Let’s catch our breath in this frenetic race down the yellow brick road, and assess what it is we are looking for. Explanation is not merely description. It’s good to know what gene turns on what color. It’s helpful to find out which colors a predator can perceive. We can even be pleased to learn that a bird of a certain color might have better camouflage. None of these details explain animal coloration. The job of the Darwinians is to tell us how a color-blind process (that doesn’t care whether a creature lives or dies) ended up with a Ladybird beetle’s brilliant reds or a ruby-throated hummingbird’s shimmering throat feathers. It’s not enough to say, “It exists, therefore it evolved.” Nor can they say, “It’s useful, therefore it is adaptive, and natural selection would favor it.” Do you see the circular reasoning inherent in such statements? We seek evidence that evolution did occur, not restatements of what evolutionists believe occurred.
Across animals, coloration serves as a dynamic form of information (Fig. 1). Colorful body parts are moved in behavior, and both pigments and structural colors change at various temporal resolutions. Cephalopods are perhaps the most well-known example, but mobilization of pigments and nanostructures to change coloration is taxonomically widespread. Considerable opportunities exist for dissecting color pigment movements and manipulating their hormonal or neural control. Dynamically changing structural coloration can also manipulate the polarization of light. There is high potential for discoveries regarding how animals perceive polarization and integrate it with color information.
What is “information” to a blind, unguided process? Information fits in well with design theory (e.g., Dembski’s book Being as Communion), but we can’t let scientific materialists employ undefined terms nor import them from a worldview they don’t believe. Information doubles the challenge for evolution, because it requires a transmitter and a recipient that agree on the meaning of the communication.
So far, all we have seen are descriptions, not explanations. Body parts are moved. Animals perceive polarization of light. Animals integrate color information. Great, but how? Why?
We anticipate answers in the subsection, “Genetics of color and evolutionary change.” But careful reading reveals only tricks of the evolutionary trade: co-option, convergence, and similarity. Underneath these superficial narratives, evolutionists need to deal with the origin of complex genetic information, molecular machines, and developmental processes of exquisite order. They try:
For instance, a ketolase enzyme that evolved to modify carotenoid pigments in the retina of birds paved the way for the expression of red pigments in bills and plumage; similarly, the ALX3 transcription factor has come to regulate the expression of melanocyte differentiation in striped rodents.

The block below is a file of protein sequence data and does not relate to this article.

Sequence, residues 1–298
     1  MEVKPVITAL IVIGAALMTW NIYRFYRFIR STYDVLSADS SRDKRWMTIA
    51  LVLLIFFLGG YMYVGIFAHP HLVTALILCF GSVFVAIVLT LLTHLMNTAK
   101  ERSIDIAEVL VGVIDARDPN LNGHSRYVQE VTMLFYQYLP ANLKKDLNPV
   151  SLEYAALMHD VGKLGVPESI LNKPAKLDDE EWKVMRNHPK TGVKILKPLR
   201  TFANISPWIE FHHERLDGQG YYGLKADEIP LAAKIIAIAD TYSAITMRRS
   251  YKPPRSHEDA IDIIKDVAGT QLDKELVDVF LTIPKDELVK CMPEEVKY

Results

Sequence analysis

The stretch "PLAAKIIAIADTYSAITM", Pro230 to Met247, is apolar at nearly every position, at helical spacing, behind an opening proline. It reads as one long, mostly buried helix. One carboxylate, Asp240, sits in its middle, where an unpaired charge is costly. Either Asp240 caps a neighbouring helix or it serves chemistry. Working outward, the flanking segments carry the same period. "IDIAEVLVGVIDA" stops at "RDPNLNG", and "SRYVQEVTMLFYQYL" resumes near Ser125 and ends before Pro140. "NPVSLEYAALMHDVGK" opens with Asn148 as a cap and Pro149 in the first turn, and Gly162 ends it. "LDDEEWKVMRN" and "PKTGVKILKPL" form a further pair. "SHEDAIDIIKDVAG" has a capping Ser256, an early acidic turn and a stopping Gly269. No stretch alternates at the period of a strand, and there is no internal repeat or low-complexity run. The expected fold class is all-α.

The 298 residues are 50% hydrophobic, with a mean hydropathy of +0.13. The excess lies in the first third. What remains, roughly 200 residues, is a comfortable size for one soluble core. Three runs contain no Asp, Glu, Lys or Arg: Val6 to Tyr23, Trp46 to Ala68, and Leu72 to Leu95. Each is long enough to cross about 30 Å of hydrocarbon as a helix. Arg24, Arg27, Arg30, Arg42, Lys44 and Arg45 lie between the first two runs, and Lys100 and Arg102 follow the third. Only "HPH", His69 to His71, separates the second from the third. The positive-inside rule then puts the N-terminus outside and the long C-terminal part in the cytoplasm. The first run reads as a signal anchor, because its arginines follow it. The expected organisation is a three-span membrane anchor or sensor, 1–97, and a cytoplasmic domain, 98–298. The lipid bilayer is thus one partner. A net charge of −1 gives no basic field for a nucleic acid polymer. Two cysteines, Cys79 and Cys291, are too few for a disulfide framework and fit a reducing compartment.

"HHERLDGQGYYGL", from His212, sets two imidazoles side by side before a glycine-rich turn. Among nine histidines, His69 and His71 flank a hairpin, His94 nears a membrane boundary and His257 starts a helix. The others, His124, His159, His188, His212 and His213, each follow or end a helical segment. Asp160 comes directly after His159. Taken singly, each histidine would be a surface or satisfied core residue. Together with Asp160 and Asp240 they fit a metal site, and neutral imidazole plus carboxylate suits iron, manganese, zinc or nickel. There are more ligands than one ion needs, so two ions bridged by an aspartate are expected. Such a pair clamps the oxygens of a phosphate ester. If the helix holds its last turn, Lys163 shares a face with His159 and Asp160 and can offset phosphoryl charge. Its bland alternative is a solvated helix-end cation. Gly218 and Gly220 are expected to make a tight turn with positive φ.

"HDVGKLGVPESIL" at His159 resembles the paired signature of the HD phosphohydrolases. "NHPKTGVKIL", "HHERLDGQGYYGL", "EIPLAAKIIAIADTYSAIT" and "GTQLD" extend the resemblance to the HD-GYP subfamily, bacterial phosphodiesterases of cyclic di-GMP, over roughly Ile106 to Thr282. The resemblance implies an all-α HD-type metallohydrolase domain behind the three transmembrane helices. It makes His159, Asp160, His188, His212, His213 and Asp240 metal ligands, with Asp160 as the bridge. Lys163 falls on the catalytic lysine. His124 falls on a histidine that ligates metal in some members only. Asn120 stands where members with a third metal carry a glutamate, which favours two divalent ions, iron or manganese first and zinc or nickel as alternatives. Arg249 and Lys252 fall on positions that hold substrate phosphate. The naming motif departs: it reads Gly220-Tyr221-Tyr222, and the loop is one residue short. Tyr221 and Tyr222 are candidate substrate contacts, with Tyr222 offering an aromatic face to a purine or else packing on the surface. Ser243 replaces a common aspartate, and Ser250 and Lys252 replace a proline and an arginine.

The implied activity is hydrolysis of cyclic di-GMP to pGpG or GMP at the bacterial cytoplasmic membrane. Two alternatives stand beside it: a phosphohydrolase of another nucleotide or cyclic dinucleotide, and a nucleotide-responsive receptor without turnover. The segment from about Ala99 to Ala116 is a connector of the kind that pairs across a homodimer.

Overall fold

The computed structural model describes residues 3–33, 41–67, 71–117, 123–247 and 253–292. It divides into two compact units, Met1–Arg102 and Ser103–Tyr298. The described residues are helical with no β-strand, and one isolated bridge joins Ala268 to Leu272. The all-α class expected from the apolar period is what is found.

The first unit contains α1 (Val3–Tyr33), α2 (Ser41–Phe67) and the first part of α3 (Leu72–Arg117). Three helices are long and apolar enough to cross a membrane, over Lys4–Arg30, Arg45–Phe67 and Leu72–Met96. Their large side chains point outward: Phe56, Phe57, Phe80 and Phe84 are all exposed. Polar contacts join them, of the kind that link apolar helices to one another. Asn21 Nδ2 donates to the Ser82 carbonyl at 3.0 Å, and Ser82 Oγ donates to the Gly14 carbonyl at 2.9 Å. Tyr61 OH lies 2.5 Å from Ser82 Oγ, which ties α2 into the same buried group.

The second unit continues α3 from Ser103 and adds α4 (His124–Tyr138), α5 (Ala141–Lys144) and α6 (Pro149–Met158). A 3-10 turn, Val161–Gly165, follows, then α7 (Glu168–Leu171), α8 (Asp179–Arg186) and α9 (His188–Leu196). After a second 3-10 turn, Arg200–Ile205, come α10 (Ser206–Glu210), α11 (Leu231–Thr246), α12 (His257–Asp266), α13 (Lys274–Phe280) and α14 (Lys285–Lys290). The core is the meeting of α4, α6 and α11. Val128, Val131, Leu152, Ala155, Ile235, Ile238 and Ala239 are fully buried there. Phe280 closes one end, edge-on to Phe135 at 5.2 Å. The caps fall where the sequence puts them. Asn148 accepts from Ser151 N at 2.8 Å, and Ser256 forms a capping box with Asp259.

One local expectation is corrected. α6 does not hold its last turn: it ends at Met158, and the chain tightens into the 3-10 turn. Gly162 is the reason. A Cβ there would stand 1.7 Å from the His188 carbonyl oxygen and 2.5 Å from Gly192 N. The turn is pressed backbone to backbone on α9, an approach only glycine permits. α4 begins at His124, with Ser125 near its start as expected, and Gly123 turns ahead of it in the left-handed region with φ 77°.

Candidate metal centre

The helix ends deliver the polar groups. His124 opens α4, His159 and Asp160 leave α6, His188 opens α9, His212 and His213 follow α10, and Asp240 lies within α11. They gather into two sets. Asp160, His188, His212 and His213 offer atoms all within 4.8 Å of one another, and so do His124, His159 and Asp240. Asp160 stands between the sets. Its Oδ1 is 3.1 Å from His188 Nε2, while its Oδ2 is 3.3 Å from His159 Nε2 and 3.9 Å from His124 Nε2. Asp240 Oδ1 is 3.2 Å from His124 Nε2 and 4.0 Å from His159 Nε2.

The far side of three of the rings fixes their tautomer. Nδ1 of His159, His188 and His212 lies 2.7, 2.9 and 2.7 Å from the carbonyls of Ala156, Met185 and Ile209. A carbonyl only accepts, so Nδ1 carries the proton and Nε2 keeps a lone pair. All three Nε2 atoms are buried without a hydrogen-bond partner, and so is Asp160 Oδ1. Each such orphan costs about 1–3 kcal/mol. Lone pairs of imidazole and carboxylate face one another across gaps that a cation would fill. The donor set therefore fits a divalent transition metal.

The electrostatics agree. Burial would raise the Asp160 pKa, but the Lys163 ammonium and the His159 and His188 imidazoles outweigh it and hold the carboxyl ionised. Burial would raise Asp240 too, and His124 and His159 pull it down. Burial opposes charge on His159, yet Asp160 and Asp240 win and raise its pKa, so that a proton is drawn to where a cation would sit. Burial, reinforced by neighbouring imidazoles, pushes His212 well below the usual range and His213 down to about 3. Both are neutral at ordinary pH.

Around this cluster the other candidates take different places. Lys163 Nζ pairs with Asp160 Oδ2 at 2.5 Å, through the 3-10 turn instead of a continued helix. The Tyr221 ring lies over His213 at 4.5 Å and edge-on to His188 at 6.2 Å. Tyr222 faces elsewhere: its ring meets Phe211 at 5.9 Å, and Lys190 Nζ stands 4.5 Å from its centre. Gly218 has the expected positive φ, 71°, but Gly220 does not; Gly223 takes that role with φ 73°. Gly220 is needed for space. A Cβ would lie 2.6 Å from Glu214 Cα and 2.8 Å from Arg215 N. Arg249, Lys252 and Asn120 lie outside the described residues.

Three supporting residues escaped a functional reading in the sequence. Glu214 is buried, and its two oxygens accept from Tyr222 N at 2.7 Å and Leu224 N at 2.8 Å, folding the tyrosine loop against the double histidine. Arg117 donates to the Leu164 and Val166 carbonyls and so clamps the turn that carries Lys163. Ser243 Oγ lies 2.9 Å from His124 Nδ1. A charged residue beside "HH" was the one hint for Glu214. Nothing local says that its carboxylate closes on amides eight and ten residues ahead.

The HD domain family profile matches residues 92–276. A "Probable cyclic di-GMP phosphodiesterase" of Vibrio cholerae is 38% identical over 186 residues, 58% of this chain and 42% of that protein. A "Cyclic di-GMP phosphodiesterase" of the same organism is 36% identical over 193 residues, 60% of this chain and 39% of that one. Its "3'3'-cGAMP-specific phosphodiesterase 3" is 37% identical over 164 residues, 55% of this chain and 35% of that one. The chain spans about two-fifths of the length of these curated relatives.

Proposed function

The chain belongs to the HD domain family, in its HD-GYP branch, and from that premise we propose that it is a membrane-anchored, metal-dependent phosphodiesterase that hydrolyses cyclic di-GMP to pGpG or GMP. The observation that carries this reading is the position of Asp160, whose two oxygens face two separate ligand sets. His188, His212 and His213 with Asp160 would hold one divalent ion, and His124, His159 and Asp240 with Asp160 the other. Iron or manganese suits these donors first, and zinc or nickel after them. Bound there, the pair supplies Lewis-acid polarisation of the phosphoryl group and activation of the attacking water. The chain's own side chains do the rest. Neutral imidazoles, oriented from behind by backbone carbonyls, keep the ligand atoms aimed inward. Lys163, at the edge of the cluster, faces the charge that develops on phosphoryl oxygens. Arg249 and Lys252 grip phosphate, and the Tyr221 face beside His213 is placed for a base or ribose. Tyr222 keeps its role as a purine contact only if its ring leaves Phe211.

Saying that something evolved does not mean it did. Can a bird reason, “Oh, now I have this ketolase enzyme. I think I’ll color my beak with it.”? Can a rodent think, “Now that I have ALX3, I can put racing stripes on my back and look really cool.”? Obviously not; the materialist cannot ascribe desires or powers to organisms nor to the molecules involved. We cannot stress enough that evolution is blind and color-blind! It is not personal. It is not a force. It could not care less what happens.
Genes underlying color variation offer insight into the predictability of evolution. Convergent phenotypes commonly arise in parallel; the accurate characterization of color phenotypes has revealed independent changes in similar genetic mechanisms, leading to phenotypic similarity between species.
Predictability is certainly a good quality to have in a theory, but did they predict any of this? No; it is all description after the fact, combined with circular reasoning: “It exists, therefore it evolved.” To have the same accidents occur in independent lineages should amount to falsification of the theory. It certainly does not qualify as an explanation.
Multidisciplinary research into the workings of coloration, from genotype to phenotype, and from development to adult, is certainly valuable. We might compare it to discovering an alien spacecraft and figuring out how it works. Such research cannot explain how it emerged by blind, unguided processes. So while we celebrate the progress in understanding coloration, we don’t see in this paper any explanation for it that does not presuppose the success of evolutionary theory.
Whenever they try to link accidents with functions, they run into problems and have to admit ignorance. For instance, Darwin’s sexual selection theory provides a shiny-object narrative at a superficial level, but not at the genetic level:
Genomic insights will prove valuable in investigations of mechanisms by which colorful traits honestly signal individual quality. It is widely accepted that a sexual ornament can reveal quality, because of the challenges associated with producing or bearing such traits, but we remain largely ignorant of the mechanisms that underlie gene-environment interactions causing condition-dependent signaling. Epigenetic studies at the genome scale may offer insight into this question.
Even worse is accounting for structural color. This kind of coloration, seen in birds and insects, relies on precise placement of geometrical molecules at the nanoscale rather than on pigments. How can evolution even approach such masterpieces of “apparent” design?
Knowledge of genetic mechanisms underlying the creation and transport of pigments, such as melanin and carotenoids, has advanced considerably in the past 15 years, but outstanding questions about structural coloration remain. Understanding the genetic control of size and shape dispersion is important because these properties ultimately control optical structures. An appreciation of the genetics of nanostructural color production could also be important for biotechnological applications — for example, the creation of sensors and reporting mechanisms.
The applications mentioned are matters of intelligent design by humans. How could natural selection invent genes that, by accident, are capable of placing molecules in precise positions at the nanoscale that enable them to refract certain wavelengths of light? Then, how does it position them in second-order artistic patterns like those on butterfly wings? Evolutionists admit they don’t know. They sure have their work cut out for them!
The challenge grows as they try to account for “Receptor processing and cognition” in the next section. It grows even more as they try to integrate colors with patterns and motion. We’ve given enough of a taste of their mode of explanation, we trust, to show that evolution is not an explanation; it is belief masquerading as explanation. Like Tom Bethell discussed in Darwin’s House of Cards, evolutionary explanation is a deduction from a pre-ordained worldview that asserts: It is, therefore it evolved. The public deserves better. The public would receive better were alternatives to neo-Darwinism permitted into the discussion. When you only allow one contender in the race, guess who is going to win?
Photo credit: mandy, via Pixabay.